“That’s an order,” Reinvo said.

Jirnal nodded and moved away.

Ardlee came down and jumped the last few rungs into the water. He pulled a water bag over his shoulder and handed it Reinvo.

“Sir, you’ve been up for nearly twenty hours yourself,” the commander whispered to Reinvo.

“Five days. Those men have been working ‘round the clock for five days, keeping the engines running to save us. I can do no less to save them.”

Ardlee nodded. “And Empresses be blessed; we have to get to those engines to save us all.”

“There is that too, Commander,” he said, handing the water bag back. “We just have to open the machine shop, and then we are to engineering. A few more hours. Then I promise I’ll get some sleep.”

The patch was fully sealed, and the men stepped back to inspect it.

“Get the pumps in here and remove this water,” Reinvo ordered.

The men set to pumping the water out.

Ardlee leaned in close. “We’ve cleared the far galley.”

Reinvo frowned at his tone. It was far from optimistic. “And?”

“The pantry lockers were not entirely secured for the storm. We’ve lost over half our provisions.”

“Order the cook to take everyone to quarter rations immediately.”

“Aye.” Ardlee’s eyes looked far away.

Reinvo thumped Ardlee’s back. “We aren’t dead. Might lose a few pounds. We only need to open that hatch,” he said, indicating the sealed watertight door next to the hull. They’d worked a full day to make the path to it. It was half above the waterline, and they’d built a sealed bath that’d let them open it and not flood the recently dried out compartments. “Once we get to the machine shop, we’ll have the tools needed to fix the rudder. Even at this distance from shore, we can be back to the Split Queendoms in a week. Maybe less with these engines.”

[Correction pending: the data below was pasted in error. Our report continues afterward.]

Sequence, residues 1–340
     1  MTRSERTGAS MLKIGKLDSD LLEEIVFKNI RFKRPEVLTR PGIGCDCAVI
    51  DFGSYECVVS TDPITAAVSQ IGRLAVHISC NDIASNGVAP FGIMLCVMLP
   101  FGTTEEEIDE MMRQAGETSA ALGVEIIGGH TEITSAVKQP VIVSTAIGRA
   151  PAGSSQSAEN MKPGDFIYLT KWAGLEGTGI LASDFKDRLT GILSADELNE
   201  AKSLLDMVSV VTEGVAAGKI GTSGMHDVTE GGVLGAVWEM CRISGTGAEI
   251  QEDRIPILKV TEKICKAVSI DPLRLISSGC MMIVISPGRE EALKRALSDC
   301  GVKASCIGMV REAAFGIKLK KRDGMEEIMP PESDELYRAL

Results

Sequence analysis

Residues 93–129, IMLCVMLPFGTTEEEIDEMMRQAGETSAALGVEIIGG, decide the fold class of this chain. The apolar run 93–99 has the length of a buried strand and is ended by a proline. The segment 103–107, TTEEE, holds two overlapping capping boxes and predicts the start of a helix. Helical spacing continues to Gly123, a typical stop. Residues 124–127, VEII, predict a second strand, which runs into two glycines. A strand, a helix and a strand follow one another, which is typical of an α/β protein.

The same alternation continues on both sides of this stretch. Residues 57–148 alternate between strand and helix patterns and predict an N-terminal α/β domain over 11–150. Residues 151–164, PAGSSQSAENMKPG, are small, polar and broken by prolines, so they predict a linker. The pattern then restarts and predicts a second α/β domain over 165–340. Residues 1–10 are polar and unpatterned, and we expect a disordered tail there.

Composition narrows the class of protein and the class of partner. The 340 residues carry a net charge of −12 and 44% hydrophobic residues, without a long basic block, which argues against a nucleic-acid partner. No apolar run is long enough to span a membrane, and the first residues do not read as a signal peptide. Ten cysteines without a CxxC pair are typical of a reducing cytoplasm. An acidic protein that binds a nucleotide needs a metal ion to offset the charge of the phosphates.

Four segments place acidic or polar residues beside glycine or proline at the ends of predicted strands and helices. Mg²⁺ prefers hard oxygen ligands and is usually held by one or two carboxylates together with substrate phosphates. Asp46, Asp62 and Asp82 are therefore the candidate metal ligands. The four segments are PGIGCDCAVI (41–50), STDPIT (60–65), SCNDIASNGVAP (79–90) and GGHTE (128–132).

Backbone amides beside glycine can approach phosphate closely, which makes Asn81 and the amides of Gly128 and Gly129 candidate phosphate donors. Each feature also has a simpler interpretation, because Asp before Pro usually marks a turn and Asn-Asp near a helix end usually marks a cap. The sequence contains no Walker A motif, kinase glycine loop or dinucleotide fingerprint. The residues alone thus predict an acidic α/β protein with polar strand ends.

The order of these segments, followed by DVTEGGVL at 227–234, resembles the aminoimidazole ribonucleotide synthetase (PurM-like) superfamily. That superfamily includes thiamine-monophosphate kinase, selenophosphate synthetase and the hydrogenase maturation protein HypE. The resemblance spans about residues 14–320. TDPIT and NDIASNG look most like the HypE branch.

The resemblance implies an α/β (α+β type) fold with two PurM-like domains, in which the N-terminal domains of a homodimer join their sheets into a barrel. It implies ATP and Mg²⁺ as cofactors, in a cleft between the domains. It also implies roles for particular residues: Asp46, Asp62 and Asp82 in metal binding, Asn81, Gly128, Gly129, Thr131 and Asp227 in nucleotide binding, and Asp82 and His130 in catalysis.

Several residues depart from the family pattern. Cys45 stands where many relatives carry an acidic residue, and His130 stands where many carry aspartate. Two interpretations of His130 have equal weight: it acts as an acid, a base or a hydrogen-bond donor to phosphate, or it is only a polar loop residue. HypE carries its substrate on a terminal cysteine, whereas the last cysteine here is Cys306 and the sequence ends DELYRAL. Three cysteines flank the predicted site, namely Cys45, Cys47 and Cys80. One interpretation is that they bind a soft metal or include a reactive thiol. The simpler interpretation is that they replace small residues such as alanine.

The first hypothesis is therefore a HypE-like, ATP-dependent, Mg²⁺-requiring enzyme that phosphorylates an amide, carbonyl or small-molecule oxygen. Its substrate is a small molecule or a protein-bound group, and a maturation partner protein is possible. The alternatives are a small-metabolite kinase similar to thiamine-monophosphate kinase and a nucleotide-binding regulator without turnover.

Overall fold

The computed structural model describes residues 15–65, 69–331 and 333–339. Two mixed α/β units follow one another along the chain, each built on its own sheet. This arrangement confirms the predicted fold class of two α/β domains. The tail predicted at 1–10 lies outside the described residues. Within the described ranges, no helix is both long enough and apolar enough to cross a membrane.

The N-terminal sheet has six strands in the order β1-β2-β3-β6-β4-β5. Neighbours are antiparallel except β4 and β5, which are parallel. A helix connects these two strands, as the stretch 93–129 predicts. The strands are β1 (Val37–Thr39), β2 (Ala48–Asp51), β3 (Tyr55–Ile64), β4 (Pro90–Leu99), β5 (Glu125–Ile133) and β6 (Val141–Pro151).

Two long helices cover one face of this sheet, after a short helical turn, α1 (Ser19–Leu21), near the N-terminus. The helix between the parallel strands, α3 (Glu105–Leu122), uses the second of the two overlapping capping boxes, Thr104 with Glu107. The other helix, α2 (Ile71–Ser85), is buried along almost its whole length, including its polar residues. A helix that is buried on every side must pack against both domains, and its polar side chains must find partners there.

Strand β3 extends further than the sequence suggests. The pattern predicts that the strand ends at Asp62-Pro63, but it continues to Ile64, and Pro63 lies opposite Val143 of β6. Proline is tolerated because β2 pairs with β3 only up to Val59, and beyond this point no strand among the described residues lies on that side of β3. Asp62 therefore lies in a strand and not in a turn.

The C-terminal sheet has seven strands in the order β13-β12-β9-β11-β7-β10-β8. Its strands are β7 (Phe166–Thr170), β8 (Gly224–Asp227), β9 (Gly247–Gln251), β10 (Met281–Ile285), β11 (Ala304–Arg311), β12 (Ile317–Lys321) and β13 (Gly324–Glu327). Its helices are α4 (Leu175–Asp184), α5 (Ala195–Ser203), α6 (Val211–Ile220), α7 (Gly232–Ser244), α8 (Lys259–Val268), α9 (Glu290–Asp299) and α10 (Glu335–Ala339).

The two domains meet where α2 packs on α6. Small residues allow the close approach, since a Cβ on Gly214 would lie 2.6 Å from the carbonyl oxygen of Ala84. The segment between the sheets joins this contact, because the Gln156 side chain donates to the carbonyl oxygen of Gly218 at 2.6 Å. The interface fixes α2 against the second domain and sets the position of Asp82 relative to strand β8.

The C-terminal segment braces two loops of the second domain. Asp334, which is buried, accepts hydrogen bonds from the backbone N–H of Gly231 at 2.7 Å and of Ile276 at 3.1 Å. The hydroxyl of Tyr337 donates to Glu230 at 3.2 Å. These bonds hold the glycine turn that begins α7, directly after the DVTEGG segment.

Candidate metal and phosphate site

Ardlee leaned against the wall with Reinvo as the pumps cleared the water. The men brought in the waist-high half tub they’d built to hold the water, letting them climb into the machine shop once the water was evacuated. It took over an hour to brace it in place with chains and ropes. The boatswains gave it an extra coating of tar to seal the edges.